There seems to be little sympathy from the government once again for the latest in a multitude of protests organised on the Orihuela Costa in support of better services and funding for it’s residents.
On this occasion it was led by the Parents Association of the IES PLAYA FLAMENCA, who are asking for nothing more than the safety of their children as they enter and leave the school.
Currently they are forced to do so along a road that has seen absolutely no maintenance in years. It is filled with craters and potholes, there are no kerbs to the road as it drops off quite alarmingly at the edges and in the few short minutes that I watched protestors at the school entrance it was quite scary to see drivers of motorcycles, cars, coaches and other heavy vehicles winding their way along the road, zigzagging around the holes in order to avoid the many ruts and depressions.
As they did so during the mass exodos from the Institute on Friday afternoon, pedestrians on the side of the road, both young and some quite old, were having to step back, often quite sharply, in order to avoid confrontation with oncoming transport.
The holes and potholes in the road leading to the school have already caused serious damage to several vehicles, as well as a number of accidents. “A bus forced me into a huge hole and I scraped the side of the bridge rail. If someone been walking I would have killed him, this is not acceptable”, said Román, one of the protesters.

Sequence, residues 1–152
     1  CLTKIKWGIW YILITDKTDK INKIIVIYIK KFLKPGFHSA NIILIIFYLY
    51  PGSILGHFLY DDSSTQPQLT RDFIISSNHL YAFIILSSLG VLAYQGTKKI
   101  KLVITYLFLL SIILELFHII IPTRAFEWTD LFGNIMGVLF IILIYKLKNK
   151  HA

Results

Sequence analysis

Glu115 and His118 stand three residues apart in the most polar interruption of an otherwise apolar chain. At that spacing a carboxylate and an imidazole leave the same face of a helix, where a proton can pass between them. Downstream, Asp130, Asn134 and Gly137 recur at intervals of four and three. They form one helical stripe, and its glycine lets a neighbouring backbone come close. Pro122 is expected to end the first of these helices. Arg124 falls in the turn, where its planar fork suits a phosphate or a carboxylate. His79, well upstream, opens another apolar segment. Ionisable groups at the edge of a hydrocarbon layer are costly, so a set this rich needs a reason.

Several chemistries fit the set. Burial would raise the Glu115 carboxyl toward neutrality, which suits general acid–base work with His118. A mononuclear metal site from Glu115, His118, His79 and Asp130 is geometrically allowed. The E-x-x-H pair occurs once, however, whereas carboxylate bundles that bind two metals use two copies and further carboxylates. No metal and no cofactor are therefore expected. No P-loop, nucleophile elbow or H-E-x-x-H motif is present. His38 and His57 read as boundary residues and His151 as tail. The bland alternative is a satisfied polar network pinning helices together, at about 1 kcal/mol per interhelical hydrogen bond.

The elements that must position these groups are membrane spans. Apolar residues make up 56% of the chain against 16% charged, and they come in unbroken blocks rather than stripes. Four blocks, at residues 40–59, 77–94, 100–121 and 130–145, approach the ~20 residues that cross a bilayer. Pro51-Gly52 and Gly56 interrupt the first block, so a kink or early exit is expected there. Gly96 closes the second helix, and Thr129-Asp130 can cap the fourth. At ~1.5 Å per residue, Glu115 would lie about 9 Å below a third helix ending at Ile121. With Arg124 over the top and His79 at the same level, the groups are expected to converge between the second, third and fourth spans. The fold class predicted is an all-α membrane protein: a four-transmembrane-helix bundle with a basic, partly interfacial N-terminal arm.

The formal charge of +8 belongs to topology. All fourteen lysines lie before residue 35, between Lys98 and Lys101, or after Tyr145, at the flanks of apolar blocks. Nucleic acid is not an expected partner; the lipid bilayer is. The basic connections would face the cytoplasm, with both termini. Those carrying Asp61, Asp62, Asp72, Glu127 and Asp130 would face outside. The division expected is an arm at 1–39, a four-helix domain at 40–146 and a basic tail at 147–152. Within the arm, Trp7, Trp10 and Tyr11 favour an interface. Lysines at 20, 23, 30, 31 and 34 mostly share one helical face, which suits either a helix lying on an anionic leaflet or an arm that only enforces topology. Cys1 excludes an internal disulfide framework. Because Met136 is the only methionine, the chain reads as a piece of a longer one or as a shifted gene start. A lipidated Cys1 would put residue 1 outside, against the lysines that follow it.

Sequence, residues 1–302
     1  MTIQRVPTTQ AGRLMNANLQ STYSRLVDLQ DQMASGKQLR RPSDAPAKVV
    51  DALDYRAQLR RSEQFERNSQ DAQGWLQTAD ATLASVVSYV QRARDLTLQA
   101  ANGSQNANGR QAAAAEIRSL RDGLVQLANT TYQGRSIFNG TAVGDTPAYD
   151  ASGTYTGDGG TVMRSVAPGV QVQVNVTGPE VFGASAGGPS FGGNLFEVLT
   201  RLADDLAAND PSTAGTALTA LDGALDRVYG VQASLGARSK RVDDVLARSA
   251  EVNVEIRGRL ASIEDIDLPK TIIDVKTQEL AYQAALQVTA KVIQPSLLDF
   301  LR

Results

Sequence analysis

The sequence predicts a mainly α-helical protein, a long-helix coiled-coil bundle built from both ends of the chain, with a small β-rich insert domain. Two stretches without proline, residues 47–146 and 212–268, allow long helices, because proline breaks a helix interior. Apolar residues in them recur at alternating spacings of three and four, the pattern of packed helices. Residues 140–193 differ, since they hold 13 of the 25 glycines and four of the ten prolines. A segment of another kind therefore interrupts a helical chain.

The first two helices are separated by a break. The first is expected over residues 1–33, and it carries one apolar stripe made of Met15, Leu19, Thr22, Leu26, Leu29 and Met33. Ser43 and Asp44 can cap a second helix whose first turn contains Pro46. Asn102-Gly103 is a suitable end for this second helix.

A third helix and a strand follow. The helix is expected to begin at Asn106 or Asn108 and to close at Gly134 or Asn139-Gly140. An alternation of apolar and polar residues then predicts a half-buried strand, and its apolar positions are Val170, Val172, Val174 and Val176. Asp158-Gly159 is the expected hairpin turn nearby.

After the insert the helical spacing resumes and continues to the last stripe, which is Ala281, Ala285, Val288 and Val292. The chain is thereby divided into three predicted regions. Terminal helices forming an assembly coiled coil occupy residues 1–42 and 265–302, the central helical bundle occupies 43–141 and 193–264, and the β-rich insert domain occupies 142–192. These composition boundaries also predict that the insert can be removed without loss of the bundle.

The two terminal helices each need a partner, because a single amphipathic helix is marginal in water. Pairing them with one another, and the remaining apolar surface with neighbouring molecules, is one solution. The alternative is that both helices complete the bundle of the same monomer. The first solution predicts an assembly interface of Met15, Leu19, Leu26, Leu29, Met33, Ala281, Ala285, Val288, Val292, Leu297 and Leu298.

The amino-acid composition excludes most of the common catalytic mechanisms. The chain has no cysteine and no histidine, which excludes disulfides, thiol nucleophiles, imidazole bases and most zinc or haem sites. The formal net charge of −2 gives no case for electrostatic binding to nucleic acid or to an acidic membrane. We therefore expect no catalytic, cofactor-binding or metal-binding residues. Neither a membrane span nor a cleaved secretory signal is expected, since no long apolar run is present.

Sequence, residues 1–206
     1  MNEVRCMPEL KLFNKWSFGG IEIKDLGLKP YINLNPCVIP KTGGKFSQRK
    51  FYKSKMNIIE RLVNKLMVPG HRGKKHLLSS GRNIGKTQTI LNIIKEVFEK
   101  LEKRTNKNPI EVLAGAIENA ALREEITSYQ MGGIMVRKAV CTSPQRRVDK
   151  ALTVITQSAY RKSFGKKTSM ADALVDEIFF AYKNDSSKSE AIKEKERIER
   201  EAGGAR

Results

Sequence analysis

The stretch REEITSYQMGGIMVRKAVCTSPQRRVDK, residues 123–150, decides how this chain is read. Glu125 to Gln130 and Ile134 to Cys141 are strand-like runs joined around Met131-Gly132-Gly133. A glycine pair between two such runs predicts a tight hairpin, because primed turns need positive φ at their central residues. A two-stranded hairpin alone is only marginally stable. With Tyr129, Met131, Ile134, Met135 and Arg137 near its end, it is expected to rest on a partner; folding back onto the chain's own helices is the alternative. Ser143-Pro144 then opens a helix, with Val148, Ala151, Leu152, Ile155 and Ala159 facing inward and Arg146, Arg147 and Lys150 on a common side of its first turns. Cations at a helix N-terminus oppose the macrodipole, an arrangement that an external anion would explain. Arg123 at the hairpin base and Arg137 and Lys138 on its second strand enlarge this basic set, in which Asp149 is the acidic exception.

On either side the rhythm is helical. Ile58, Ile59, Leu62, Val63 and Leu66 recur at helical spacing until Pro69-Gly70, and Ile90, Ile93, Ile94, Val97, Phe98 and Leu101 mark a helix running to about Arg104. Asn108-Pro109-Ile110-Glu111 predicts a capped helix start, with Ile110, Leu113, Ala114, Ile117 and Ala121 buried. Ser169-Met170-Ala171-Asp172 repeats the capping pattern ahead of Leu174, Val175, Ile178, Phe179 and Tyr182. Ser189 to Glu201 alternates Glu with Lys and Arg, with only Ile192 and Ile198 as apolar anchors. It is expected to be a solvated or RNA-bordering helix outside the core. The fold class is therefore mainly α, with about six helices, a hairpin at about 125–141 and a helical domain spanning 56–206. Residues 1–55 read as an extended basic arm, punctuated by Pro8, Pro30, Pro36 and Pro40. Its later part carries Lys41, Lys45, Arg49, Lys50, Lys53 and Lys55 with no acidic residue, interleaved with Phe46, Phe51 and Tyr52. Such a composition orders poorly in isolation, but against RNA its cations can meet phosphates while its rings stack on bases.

Another said that only last week he had been forced to replace a tyre after his car hit one of the holes causing the rubber to split and although he denounced the town hall for the damage he has absolutely no hope whatsoever of reclaiming any of the cost.
Of course they are just a couple of many as governmental action continues to be totally insufficient in meeting the needs of the Orihuela Costa, with many roads suffering such a level of deterioration that they have long posed a risk to road safety and to the safety of the general public, as well as presenting a very negative image to the hundreds of thousands of visitors that come into the area every year.
The president of the Ampa explained that “5 buses and 500 families drop off children every morning during which time the cars have to leave the road so that the coaches can pass. It is also extremely dangerous for those on foot as there is no pavement, and at 2pm, with children leaving the school en masse, the road is filled with vehicles travelling in all directions, as witnessed on Friday by THE LEADER NEWSPAPER. “We ask that the road be properly repaired and if it is a private plot the council must expropriate it, but do not continue applying patches which seems to be the only thing that the City Council does”, said Yolanda Fernández.
Over two years ago the FAOC submitted a list of priority actions required to be carried out as a matter of absolute urgency, one of which was the access to the Playa Flamenca Secondary School and the bridge over the AP7 (zone 4). Two years on not a single metre of road has been improved.